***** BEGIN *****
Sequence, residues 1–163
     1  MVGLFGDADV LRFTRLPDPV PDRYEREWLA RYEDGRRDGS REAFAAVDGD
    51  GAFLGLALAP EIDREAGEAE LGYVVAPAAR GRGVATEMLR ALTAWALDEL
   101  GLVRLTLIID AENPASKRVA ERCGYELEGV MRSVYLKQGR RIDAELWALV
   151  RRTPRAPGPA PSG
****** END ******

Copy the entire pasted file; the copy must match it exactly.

Sequence, residues 1–163
     1  MVGLFGDADV LRFTRLPDPV PDRYEREWLA RYEDGRRDGS REAFAAVDGD
    51  GAFLGLALAP EIDREAGEAE LGYVVAPAAR GRGVATEMLR ALTAWALDEL
   101  GLVRLTLIID AENPASKRVA ERCGYELEGV MRSVYLKQGR RIDAELWALV
   151  RRTPRAPGPA PSG